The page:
The Warfare of Science
I purpose to present an outline of the great, sacred struggle for the liberty of science—a struggle which has lasted for so many centuries, and which yet continues. A hard contest it has been; a war waged longer, with battles fiercer, with sieges more persistent, with strategy more shrewd than in any of the comparatively transient warfare of Cæsar or Napoleon or Moltke.
I shall ask you to go with me through some of the most protracted sieges, and over some of the hardest-fought battle-fields of this war. We will look well at the combatants; we will listen to the battle-cries; we will note the strategy of leaders, the cut and thrust of champions, the weight of missiles, the temper of weapons; we will look also at the truces and treaties, and note the delusive impotency of all compromises in which the warriors for scientific truth have consented to receive direction or bias from the best of men uninspired by the scientific spirit, or unfamiliar with scientific methods.
My thesis, which, by an historical study of this warfare, I expect to develop, is the following: In all modern history, interference with science in the supposed interest of religion, no matter how conscientious such interference may have been, has resulted in the direst evils both to religion and to science—and invariably. And, on the other hand, all untrammeled scientific investigation, no matter how dangerous to religion some of its stages may have seemed, for the time, to be, has invariably resulted in the highest good of religion and of science. I say "invariably." I mean exactly that. It is a rule to which history shows not one exception.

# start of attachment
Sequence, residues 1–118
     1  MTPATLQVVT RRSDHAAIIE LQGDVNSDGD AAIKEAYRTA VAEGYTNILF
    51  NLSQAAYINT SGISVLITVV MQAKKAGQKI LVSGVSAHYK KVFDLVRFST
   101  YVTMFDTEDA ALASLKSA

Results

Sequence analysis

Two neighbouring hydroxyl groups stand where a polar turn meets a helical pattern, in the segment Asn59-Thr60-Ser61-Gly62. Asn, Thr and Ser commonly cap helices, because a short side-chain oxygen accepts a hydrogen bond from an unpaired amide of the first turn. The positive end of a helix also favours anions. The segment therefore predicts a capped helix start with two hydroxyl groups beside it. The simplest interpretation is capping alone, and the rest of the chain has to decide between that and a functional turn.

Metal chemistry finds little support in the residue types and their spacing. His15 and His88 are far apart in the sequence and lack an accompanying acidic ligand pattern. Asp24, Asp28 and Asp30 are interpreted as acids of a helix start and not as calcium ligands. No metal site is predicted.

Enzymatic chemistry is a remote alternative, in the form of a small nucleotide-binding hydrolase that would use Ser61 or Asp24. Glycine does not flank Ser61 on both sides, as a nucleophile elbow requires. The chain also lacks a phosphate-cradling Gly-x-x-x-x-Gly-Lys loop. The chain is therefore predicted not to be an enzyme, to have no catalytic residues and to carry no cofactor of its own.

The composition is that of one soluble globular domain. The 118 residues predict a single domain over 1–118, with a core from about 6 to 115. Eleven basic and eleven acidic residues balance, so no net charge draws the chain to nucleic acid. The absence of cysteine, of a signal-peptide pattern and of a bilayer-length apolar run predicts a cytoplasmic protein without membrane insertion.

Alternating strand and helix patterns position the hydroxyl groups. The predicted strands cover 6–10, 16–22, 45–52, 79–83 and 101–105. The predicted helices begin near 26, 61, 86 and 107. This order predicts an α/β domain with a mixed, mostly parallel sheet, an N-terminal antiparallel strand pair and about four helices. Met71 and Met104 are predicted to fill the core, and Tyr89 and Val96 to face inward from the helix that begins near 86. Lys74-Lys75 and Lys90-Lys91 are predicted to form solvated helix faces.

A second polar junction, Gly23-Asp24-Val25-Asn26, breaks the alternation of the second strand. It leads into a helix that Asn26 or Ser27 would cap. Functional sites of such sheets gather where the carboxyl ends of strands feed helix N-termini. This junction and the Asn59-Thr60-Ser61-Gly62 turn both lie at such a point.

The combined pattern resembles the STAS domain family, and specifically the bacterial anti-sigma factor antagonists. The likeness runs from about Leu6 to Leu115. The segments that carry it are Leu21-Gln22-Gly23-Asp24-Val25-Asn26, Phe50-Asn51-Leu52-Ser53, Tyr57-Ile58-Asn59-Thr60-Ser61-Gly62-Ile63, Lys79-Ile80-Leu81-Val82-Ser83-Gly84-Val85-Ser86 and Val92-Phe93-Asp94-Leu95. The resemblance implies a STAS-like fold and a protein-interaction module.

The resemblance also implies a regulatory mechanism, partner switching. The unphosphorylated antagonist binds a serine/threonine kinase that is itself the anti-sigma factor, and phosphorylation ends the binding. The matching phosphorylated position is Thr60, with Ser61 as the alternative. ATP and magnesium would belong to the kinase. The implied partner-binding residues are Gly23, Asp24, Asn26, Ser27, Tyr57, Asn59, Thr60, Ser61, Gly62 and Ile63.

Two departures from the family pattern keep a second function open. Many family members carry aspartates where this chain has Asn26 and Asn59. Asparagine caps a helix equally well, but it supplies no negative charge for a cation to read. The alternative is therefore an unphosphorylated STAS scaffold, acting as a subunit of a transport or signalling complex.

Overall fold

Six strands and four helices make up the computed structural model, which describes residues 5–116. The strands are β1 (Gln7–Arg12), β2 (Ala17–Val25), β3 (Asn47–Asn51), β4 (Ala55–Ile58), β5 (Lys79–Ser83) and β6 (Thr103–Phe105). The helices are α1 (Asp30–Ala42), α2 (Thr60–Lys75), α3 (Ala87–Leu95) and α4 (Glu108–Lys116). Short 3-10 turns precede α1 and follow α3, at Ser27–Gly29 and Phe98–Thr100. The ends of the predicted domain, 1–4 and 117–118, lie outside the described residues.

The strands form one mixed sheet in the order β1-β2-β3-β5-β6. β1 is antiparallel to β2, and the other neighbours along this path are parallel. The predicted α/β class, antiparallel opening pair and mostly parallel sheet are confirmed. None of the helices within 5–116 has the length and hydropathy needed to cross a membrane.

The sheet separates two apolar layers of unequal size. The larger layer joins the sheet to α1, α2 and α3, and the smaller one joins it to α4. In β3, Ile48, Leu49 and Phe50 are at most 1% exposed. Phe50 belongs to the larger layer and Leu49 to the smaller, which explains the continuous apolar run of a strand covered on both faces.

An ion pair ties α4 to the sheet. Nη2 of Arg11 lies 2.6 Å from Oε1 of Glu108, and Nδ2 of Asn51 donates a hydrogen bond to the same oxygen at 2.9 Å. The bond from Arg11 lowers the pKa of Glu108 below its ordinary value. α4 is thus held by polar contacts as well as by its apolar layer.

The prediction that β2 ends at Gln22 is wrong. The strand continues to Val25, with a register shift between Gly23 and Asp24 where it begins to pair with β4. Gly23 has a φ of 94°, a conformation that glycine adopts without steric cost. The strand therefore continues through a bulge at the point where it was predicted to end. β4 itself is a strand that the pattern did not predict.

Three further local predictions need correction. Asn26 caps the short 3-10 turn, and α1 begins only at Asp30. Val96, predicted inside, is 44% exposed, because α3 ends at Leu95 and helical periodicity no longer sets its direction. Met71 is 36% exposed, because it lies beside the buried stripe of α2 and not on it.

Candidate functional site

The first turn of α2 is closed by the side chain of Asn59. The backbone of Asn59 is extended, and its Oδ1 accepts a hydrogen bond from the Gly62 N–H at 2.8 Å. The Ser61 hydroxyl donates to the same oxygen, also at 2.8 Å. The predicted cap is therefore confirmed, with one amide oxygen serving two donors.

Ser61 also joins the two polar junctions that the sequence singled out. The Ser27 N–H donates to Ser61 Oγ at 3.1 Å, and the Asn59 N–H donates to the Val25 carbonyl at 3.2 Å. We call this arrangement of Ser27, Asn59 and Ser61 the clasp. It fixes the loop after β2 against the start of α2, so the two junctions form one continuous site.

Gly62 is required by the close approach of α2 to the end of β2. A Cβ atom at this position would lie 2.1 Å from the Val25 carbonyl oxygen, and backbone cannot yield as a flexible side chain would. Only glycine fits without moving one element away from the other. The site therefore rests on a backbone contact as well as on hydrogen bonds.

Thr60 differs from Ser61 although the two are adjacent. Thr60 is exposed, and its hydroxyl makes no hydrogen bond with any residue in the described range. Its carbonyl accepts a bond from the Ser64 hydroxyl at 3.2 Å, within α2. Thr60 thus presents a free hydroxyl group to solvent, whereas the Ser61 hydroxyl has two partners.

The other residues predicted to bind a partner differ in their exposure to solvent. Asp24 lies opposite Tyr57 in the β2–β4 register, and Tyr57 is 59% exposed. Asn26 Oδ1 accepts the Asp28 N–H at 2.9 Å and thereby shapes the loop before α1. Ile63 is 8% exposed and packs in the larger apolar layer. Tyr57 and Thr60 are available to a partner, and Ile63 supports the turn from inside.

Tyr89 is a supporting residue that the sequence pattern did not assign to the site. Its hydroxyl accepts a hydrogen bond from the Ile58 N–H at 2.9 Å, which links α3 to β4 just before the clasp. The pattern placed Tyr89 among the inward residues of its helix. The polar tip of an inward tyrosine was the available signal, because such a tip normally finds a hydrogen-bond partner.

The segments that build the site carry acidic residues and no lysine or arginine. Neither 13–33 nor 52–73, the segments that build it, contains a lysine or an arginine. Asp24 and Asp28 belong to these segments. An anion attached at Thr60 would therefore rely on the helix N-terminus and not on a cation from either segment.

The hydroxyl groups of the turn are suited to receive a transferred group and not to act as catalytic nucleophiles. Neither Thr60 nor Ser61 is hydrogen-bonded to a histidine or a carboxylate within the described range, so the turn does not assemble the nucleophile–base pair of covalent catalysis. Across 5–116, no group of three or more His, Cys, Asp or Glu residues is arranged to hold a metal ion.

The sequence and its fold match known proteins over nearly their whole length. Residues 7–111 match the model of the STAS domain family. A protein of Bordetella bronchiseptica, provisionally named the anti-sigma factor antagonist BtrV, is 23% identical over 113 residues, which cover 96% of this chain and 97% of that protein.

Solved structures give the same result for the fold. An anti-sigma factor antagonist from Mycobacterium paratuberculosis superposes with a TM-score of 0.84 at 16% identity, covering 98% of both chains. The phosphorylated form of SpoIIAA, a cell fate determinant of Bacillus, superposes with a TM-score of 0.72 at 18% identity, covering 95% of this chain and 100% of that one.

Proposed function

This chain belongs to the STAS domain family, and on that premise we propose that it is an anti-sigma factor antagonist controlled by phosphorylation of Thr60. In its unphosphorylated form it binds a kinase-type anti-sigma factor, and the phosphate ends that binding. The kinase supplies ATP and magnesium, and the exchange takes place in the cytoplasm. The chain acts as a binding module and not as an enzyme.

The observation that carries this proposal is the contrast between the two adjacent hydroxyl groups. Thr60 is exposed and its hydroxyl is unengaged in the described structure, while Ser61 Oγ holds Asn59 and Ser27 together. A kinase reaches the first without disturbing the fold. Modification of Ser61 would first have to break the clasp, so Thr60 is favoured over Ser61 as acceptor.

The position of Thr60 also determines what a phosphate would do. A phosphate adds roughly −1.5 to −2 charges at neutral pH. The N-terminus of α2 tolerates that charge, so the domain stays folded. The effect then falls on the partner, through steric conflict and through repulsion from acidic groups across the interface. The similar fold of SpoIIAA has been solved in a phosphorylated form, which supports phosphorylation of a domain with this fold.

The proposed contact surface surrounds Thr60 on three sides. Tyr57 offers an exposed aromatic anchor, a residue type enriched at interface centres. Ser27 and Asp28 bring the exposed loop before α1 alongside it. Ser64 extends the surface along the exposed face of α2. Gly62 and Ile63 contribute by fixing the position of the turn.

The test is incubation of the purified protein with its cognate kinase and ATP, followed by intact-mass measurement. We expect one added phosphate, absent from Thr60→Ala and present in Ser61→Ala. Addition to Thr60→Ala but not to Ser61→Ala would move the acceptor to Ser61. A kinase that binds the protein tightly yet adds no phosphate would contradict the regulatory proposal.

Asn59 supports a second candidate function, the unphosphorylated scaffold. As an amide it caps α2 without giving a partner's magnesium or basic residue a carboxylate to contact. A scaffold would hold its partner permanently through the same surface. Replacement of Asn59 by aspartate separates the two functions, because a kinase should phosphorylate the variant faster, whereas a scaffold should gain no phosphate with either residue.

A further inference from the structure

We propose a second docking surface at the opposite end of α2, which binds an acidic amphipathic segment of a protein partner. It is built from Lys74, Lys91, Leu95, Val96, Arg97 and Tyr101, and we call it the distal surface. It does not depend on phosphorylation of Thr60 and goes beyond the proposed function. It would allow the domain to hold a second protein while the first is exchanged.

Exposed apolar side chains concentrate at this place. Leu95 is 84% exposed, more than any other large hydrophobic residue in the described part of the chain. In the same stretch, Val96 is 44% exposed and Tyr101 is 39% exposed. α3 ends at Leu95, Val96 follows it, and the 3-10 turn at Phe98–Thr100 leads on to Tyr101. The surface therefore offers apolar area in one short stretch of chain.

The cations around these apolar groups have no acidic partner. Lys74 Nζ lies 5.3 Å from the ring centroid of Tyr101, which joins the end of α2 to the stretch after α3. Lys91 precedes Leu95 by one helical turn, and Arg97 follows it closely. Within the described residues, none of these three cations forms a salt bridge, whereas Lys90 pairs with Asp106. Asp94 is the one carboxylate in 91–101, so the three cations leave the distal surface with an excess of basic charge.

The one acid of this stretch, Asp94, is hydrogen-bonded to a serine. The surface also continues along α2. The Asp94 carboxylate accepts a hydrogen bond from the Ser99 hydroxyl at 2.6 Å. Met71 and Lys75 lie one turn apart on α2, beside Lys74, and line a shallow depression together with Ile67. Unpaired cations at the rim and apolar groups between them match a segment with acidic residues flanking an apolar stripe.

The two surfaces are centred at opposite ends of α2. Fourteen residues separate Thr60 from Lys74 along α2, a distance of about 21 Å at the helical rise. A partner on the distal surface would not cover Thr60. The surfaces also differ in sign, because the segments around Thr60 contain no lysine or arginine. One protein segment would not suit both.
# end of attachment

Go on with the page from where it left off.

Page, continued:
It would seem, logically, that this statement cannot be gainsaid. God's truths must agree, whether discovered by looking within upon the soul, or without upon the world. A truth written upon the human heart to-day, in its full play of emotions or passions, cannot be at any real variance even with a truth written upon a fossil whose poor life ebbed forth millions of years ago.